Due to creative interests, I’m afraid I carry that habit of trying to find meaning in everything, anything, which has a danger of irritating those other personalities who prefer a more pragmatic life.
At MWS Media we could potentially suffer from this condition, given our creative outlets, were it not for setting clear goals and structures in our marketing plans, and equally with client projects, collaborating with their ideas to produce effectively targeted video.
But if I were to go back to my habit, I’ve wanted to see if I can find business relevance in a story I’ve grown up with, and if there is advice and ideas there. I recently re-read Alice in Wonderland, and if I looked at it from a marketing and business perspective, which still seems odd to do, there were some unexpected parallels. (Admittedly, I was looking for them.)
If there’s one thing Alice in Wonderland could possibly teach us if we ever tried to translate it into the world of business, it’s about perception, presumptions and dealing with different people.
Despite how outrageous and surreal these characters are in this story, there are aspects in all of them that could be seen to reflect certain types of marketers and the marketing strategy behind them.
What I’d like to think about for this post is how some of the quotes in the story can act as advice, and how some characters are identifiable to your work in marketing and developing business. I will explain each anecdote under the title Personality, or Perspective, just to make it clearer (or perhaps more pretentious.)
So imagine for a moment that Alice is both yourself and potential customer, and Wonderland embodies not just your business and brand, but the world around you too.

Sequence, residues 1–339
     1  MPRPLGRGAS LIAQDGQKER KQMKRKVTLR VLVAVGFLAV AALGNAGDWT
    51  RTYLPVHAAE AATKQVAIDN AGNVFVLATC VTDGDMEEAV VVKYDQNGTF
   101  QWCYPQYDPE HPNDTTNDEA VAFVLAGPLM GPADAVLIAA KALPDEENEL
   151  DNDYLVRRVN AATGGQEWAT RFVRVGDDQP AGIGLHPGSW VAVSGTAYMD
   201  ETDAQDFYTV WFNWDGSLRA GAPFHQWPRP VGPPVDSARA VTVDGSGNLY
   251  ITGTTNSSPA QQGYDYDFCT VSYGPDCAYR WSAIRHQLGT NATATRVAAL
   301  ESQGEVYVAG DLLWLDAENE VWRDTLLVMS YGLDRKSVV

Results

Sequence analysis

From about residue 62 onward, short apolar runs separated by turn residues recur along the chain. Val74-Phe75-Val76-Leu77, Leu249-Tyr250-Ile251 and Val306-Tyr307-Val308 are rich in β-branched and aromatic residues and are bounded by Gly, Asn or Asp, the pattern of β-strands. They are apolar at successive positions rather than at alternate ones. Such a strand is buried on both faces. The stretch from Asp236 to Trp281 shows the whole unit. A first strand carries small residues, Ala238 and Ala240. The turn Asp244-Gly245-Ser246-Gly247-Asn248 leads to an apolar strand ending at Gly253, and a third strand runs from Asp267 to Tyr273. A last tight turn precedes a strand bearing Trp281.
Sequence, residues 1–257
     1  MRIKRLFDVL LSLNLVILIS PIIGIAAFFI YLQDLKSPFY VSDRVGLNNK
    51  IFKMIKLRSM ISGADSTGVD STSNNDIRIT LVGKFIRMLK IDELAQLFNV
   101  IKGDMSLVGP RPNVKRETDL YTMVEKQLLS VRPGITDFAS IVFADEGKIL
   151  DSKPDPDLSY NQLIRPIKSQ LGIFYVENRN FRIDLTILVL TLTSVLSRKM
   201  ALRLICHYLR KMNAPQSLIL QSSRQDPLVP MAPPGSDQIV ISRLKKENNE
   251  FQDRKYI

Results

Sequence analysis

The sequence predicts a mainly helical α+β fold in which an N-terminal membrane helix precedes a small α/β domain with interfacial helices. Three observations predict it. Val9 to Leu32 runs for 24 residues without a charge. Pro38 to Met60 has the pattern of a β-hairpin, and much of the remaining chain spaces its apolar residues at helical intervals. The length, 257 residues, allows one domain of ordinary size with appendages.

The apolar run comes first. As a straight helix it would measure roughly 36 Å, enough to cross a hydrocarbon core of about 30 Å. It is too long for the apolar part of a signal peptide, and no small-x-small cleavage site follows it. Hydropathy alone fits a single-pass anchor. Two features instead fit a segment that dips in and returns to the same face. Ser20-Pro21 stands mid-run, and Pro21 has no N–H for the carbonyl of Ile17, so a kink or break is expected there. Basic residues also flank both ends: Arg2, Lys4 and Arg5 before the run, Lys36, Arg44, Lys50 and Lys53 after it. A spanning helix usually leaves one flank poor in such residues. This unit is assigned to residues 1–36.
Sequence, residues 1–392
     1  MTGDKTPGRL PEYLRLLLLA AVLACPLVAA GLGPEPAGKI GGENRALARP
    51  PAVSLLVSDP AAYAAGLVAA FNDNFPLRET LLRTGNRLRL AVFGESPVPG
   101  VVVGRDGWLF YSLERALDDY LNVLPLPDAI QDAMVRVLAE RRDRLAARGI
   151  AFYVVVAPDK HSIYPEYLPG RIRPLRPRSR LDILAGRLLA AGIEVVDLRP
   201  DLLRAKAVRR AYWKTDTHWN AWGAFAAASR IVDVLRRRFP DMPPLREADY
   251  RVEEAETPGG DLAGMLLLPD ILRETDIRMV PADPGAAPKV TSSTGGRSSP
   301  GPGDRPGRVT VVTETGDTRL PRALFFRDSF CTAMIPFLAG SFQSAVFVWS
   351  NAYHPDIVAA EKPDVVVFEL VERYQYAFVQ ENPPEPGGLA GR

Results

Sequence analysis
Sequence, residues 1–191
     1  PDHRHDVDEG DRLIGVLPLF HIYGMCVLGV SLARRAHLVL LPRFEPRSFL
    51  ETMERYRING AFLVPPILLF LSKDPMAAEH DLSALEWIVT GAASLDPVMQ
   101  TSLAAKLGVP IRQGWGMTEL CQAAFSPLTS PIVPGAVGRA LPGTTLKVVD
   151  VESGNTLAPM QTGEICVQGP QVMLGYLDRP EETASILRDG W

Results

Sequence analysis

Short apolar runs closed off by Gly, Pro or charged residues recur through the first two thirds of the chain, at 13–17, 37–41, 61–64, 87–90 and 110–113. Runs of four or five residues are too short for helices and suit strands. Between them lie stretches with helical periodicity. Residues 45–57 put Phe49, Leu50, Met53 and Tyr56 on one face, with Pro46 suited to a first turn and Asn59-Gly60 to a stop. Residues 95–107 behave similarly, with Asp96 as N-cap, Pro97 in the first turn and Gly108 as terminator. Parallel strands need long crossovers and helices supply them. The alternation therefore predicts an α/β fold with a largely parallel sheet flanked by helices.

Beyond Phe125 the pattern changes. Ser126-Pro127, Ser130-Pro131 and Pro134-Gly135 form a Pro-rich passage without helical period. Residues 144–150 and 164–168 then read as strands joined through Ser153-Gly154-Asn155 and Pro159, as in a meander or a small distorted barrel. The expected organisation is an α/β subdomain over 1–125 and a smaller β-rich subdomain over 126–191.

Personality: The Cheshire Cat
This is a certain type of marketing manager that provides both good and bad qualities. The good thing about being a Cheshire Cat marketer is you might offer industry knowledge and customer sympathy, giving your business that large smile that everyone else will now remember. However despite your efforts to reassure your audience (‘Oh, you can’t help that, we’re all mad here’) there is no real reason to believe or be guided by you because you stay completely out of the action. Be careful to lead by example, rather than staying up in your tree suggesting routes, leaving Alice more confused.
Personality: The Queen of Hearts
This kind of marketer or sales person has a good amount of success to prove their worth, they dominate others and shout the loudest so they can’t possibly be ignored. Whilst these qualities may guarantee your voice is heard, the major flaw in this character as a marketer is that you may lack foresight, cutting ‘heads’ off before you appreciate the potential benefits of that particular marketing ‘playing card’. You may only be able to grab short chunks of attention before your audience starts to drift, with no real plan of how to make the audience’s experience of your business durational. Always think ahead of how a customer or potential customer could engage with you over time.
Perspective: “Speak English!' said the Eaglet. “I don't know the meaning of half those long words, and I don't believe you do either!”